The Food and Drug Administration has dropped a recall of some 2,800 scope-cleaning machines in use at hospitals and clinics nationwide despite a finding by a top agency scientist last year that the action was “necessary to protect public health.”
The FDA had ordered the equipment off the market in November because it said Custom Ultrasonics of Ivyland, Pennsylvania, had repeatedly violated federal safety laws and those lapses could increase the risk of infection for patients. The agency reiterated the recall in January after a Senate report linked Custom’s machines to several superbug outbreaks across the country.
Now the FDA has backed off, saying the company’s signature product, the System 83 Plus machine, can remain in the field while regulatory issues are being addressed.
Regulators and the company said these sophisticated washing machines known as Automated Endoscope Reprocessors (AERs) still cannot be used to disinfect a specific type of gastrointestinal scope called a duodenoscope that’s been tied to 41 infection outbreaks worldwide and at least 24 deaths in the U.S. But the machines can be used to wash other endoscopes, despite the company’s history of regulatory troubles since 2007.
“Based on information provided by the company, the FDA has determined that the products may remain in the field,” the agency said in a statement.
A spokeswoman for the FDA declined to discuss the new information that the company provided.
Custom Ultrasonics Chief Executive Alicia Nakonetschny didn’t respond to a request for comment. She touted the reprieve last week and expressed optimism about receiving FDA clearance for all scopes at some point.
“We want to assure our customers who reprocess duodenoscopes that we are working with FDA to resolve duodenoscope issues as quickly as possible,” she said on the company’s website.
Lawrence Muscarella, a former director of infection control at Custom Ultrasonics, where he worked for 18 years, questioned the FDA’s actions.
“It is certainly troubling for the FDA to order the removal of a medical device it has linked to patient injuries and deaths and then to abruptly reverse course with no clear explanation,” said Muscarella, who left the company in 2013 because of what he called safety concerns.
“This may be unprecedented in the history of medical device regulation,” he added.
Custom Ultrasonic scope-cleaning machines can cost $30,000 to $50,000 and typically take about 30 minutes to wash scopes with disinfectant following some manual cleaning. About 1,000 hospitals and clinics nationally rely on the company’s equipment to prepare reusable endoscopes for the next patient.
A Senate investigation on the superbug outbreaks released in January was sharply critical of Custom Ultrasonics. That found that the company’s machines were used by at least nine of 16 U.S. hospitals that had been identified at the time as having scope-related infections. The infections occurred during a procedure in which a scope is threaded down a person’s throat to diagnose and treat problems in the digestive tract, such as gallstones, cancers and blockages.
Some of the affected hospitals included Thomas Jefferson University Hospital in Philadelphia, Massachusetts General in Boston, and University of California, Los Angeles’ Ronald Reagan Medical Center.
“Considering that only about 10 to 20 percent of the AERs used in American hospitals are Custom Ultrasonics AERs, it appears the defective machines played a significant role in allowing the duodenoscopes to remain contaminated between uses,” the Senate investigation concluded.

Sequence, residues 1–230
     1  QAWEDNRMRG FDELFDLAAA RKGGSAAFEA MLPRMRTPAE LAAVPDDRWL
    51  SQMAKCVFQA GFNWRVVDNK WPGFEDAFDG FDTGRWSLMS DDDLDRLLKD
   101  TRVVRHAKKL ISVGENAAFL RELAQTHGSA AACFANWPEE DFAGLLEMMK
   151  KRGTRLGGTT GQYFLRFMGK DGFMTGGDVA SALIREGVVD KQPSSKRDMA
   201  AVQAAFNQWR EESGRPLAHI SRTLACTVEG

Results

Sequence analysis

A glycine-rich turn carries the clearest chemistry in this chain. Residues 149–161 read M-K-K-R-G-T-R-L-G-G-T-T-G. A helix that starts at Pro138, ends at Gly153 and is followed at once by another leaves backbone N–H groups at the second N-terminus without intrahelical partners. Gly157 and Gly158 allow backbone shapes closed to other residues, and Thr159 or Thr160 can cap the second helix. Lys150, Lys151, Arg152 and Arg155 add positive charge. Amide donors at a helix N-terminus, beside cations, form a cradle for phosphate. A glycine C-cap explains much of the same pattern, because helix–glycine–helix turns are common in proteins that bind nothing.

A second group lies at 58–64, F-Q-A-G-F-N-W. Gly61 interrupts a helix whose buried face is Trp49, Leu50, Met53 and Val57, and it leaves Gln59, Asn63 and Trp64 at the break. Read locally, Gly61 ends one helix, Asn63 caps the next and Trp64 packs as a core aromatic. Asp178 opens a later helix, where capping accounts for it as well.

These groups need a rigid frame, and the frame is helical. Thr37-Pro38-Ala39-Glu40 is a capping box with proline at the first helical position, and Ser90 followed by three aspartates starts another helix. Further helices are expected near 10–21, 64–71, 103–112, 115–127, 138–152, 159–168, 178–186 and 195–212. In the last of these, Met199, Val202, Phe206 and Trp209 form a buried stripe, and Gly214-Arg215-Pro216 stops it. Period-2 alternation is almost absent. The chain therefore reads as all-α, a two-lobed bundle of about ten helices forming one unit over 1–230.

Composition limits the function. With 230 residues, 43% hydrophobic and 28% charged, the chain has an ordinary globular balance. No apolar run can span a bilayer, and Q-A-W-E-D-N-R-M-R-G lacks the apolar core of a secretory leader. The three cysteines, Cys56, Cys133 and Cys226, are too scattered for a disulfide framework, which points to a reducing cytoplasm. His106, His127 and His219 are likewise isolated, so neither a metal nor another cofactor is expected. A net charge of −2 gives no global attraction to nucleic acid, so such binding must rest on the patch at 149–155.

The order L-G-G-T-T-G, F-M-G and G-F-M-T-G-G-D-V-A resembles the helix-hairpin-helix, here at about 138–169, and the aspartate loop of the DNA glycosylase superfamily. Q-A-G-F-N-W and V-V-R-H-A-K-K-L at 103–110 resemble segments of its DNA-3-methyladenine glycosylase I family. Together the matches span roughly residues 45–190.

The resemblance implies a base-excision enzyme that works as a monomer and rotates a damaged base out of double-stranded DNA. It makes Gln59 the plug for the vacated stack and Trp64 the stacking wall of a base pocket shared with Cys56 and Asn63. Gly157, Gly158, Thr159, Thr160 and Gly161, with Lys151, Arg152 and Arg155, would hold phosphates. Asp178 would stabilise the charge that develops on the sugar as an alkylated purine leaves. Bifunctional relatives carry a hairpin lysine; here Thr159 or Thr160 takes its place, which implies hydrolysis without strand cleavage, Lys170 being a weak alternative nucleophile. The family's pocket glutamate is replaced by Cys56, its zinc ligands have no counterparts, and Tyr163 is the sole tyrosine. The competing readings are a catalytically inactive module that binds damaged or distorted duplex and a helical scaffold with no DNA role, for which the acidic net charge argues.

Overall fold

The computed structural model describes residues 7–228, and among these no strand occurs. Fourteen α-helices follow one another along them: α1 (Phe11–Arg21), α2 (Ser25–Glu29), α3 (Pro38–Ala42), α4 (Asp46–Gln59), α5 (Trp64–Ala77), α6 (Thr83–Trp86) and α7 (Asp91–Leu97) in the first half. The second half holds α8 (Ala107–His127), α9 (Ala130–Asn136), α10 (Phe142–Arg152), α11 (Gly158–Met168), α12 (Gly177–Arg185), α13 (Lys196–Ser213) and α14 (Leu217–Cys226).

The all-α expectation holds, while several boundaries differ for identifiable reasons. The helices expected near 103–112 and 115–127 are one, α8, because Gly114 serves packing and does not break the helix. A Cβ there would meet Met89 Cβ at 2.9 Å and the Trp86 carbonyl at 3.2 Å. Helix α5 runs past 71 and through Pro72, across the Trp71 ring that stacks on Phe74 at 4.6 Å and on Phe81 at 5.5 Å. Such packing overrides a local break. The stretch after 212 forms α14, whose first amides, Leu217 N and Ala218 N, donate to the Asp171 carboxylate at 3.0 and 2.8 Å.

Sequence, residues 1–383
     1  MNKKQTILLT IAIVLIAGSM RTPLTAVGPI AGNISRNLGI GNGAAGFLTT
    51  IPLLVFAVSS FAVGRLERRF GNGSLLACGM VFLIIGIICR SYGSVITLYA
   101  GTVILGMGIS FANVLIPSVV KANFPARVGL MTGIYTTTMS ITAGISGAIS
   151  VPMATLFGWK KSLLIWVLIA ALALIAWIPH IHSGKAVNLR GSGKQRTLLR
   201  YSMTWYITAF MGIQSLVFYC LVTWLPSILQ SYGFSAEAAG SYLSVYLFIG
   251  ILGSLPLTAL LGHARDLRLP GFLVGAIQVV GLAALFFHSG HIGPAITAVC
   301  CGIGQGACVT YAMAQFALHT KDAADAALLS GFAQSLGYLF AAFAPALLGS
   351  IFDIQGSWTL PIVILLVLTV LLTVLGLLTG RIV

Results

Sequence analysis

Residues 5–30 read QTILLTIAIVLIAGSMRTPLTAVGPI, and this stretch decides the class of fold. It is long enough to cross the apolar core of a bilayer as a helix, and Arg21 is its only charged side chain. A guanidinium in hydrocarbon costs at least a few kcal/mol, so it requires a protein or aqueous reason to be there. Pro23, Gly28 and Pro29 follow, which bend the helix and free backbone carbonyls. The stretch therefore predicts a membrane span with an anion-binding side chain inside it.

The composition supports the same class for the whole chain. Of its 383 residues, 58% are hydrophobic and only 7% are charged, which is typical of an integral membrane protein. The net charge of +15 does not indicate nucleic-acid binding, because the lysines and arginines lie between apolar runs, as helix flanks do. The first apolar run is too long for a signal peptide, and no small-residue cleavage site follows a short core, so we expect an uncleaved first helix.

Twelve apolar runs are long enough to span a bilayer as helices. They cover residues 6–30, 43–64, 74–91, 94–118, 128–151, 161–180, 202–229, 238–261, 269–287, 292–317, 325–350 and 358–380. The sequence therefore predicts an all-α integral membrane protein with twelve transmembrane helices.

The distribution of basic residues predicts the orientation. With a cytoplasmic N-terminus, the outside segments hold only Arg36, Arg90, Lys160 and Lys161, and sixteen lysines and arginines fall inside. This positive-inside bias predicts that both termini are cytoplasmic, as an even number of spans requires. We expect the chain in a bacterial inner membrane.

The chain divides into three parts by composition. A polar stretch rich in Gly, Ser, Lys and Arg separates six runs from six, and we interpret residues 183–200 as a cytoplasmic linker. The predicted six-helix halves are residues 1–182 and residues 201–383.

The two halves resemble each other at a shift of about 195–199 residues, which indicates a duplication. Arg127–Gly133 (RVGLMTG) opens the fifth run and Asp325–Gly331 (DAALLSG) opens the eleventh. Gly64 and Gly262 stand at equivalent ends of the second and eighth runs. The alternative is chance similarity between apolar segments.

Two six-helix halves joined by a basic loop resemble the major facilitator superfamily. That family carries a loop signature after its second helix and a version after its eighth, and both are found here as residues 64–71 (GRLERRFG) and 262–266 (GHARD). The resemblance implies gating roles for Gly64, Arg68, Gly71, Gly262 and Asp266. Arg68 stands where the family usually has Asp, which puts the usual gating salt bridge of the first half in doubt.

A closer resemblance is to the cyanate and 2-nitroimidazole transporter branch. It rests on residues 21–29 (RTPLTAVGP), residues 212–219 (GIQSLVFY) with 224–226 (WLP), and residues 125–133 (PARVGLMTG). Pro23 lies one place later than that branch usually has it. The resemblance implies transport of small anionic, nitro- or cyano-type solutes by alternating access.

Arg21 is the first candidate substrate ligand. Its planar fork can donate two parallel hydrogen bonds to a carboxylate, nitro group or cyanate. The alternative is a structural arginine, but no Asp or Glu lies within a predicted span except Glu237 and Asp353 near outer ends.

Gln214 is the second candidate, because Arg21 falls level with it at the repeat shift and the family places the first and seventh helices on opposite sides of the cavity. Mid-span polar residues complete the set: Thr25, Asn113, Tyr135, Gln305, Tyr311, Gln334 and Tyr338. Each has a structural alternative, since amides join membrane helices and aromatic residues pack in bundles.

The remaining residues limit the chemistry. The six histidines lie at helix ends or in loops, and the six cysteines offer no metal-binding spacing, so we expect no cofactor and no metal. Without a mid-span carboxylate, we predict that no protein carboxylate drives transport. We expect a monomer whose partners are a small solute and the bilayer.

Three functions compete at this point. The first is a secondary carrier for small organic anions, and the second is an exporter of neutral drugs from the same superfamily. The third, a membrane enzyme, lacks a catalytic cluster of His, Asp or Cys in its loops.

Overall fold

The Senate report added, however, that scope-related infections cannot be solely attributed to the company’s equipment.
Health officials have focused much of their attention on the design of the gastrointestinal scopes that makes it difficult to remove dangerous bacteria. Deadly germs can become trapped inside the scope and then get passed to the next patient.
But in November, FDA officials said Custom Ultrasonics couldn’t prove that its equipment could adequately disinfect endoscopes in general. The firm also didn’t report adverse events tied to its equipment within 30 days, such as a 2013 incident involving a scope-related infection and a System 83 unit that malfunctioned, officials said.
The FDA recall order “is necessary to protect the public health,” the FDA’s chief scientist for medical devices, Dr. William Maisel, said in November.
Even before the latest reversal, some patient-safety advocates had criticized the FDA for taking too long to pull Custom Ultrasonics products off the market.
In 2007, the FDA announced that the company had signed a federal consent decree because its “actions posed a potential public health hazard because endoscopes that are not properly cleaned and disinfected can be a source of transmission of pathogens between patients.”
In 2012, the FDA told Custom Ultrasonics to cease manufacturing and ordered a recall of all System 83 devices because of concerns over patient safety. But federal officials said they allowed Custom’s equipment to remain on the market after the company made changes.
The 2012 FDA order stemmed, in part, from Custom Ultrasonics’ failure to obtain government clearance for its System 83 unit, which included a significant upgrade to the machine’s operating system.
FDA inspectors expressed concerns about computer-related problems interrupting the cleaning cycle on Custom equipment and possibly compromising patient safety.
Custom “failed to fully identify the health risk to the patient population if current products in distribution with potentially nonconforming computer hardware components should fail,” an FDA investigator wrote in 2012.
Federal prosecutors continue to investigate several device manufacturers in connection with the superbug outbreaks at U.S. hospitals. Members of Congress have also introduced legislation aimed at improving device safety in response to the infections.